In early 2020, very few people could have imagined the new lifestyles brought about by the COVID-19 pandemic. Governments, organizations, families, friends and communities around the world have a new paradigm when it comes to public health, workplace safety and personal interaction.
A specific area of interest is remote working. The design of an effective remote work program requires a balance of different considerations, including health and safety, tax, labor and employment law, privacy and confidentiality considerations, as well as cost.
Our employment lawyers around the world have found a number of wider issues which affect how employers manage their workforce. First, there is the cost of equipping previously office-based teams with the remote work technology, yet the cost saving of potentially reducing the real estate footprint. Second, there is the importance of maintaining the organization’s culture, despite physical distance. Third, there is a disparate impact of remote working depending on the business sector. Sometimes remote working cannot be contemplated due to the nature of the work, and employers must focus on creating a safe physical workplace. And finally, the global market for talent has become even more competitive as the importance of a person’s physical location becomes less significant.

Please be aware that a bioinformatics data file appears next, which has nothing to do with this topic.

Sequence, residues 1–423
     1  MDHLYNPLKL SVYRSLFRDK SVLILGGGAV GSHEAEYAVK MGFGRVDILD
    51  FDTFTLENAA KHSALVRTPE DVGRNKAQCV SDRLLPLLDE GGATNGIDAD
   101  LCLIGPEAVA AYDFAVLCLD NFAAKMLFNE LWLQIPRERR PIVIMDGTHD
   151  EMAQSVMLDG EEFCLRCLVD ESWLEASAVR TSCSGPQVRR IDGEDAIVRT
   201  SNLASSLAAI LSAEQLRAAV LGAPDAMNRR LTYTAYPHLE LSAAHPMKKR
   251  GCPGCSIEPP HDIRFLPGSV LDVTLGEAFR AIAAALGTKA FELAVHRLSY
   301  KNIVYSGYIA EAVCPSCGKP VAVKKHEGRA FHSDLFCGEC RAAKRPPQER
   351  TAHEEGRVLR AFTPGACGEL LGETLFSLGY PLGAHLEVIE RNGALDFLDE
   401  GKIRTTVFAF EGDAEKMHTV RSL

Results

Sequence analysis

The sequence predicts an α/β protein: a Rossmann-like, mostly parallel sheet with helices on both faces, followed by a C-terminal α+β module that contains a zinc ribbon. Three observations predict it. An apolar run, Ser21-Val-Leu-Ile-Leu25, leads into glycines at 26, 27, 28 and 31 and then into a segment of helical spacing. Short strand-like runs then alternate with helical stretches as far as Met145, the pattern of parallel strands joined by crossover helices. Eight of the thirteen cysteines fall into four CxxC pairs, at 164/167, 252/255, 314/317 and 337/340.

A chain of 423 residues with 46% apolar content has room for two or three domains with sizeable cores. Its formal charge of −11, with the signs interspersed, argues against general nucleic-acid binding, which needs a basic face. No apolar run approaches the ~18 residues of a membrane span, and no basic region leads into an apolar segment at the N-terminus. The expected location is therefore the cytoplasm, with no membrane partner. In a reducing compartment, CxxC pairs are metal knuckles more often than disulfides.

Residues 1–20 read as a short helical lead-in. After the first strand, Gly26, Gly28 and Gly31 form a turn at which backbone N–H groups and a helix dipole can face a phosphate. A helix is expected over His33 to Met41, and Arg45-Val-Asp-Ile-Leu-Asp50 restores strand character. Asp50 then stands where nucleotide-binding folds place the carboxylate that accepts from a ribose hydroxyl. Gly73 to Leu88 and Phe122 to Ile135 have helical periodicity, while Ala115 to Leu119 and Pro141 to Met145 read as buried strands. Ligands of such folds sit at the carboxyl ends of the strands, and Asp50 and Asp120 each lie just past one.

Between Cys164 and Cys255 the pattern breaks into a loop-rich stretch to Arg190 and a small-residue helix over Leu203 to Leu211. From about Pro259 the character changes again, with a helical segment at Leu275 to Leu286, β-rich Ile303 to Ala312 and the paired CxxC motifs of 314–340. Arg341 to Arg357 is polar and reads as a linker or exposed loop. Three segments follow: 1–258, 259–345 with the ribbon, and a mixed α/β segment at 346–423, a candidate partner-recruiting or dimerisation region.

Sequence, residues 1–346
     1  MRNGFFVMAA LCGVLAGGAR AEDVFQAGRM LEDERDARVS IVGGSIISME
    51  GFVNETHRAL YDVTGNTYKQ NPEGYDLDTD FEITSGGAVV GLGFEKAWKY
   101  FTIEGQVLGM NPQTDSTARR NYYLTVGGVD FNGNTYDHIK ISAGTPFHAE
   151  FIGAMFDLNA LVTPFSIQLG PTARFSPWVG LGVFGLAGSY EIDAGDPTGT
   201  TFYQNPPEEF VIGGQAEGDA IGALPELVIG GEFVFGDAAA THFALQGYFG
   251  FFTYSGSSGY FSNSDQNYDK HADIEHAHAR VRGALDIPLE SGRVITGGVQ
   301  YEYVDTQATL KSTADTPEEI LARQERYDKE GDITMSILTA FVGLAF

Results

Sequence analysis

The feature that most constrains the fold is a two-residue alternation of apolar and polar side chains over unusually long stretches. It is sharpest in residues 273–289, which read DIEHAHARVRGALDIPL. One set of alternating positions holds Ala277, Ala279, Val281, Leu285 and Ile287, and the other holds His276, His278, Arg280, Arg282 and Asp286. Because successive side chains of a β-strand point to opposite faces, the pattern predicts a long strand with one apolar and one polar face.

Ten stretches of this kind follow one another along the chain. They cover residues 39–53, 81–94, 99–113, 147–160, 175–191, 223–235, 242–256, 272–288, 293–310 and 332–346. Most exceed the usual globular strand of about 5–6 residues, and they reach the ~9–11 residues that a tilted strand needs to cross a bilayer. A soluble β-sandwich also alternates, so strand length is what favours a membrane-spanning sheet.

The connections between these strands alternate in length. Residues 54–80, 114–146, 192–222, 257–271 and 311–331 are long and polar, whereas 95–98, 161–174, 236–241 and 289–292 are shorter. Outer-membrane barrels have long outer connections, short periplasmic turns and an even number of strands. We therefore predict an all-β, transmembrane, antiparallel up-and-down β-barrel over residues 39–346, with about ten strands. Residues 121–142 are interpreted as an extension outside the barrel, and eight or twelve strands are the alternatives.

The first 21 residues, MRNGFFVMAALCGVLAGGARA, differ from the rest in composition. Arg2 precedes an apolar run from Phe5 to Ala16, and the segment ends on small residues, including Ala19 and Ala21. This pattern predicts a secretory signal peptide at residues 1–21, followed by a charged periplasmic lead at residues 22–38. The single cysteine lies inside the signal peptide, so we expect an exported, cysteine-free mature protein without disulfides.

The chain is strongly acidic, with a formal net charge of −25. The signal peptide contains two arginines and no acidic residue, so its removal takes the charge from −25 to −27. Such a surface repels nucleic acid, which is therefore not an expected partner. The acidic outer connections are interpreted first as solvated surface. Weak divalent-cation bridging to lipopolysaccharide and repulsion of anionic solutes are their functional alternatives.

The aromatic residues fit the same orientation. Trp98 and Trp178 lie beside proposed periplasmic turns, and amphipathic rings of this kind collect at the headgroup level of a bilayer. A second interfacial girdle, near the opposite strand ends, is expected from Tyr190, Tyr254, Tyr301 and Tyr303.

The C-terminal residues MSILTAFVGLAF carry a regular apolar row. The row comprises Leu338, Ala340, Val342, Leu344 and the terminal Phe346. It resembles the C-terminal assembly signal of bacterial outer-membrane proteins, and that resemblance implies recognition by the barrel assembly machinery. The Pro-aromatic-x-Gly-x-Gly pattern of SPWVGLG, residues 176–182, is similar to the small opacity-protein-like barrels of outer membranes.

In this edition, the employment lawyers within EY Law global network canvass the key considerations for reimaging work across 42 jurisdictions around the world. Our colleague, Anca Atanasiu, has talked about the key remote-working considerations on the Romanian labor market.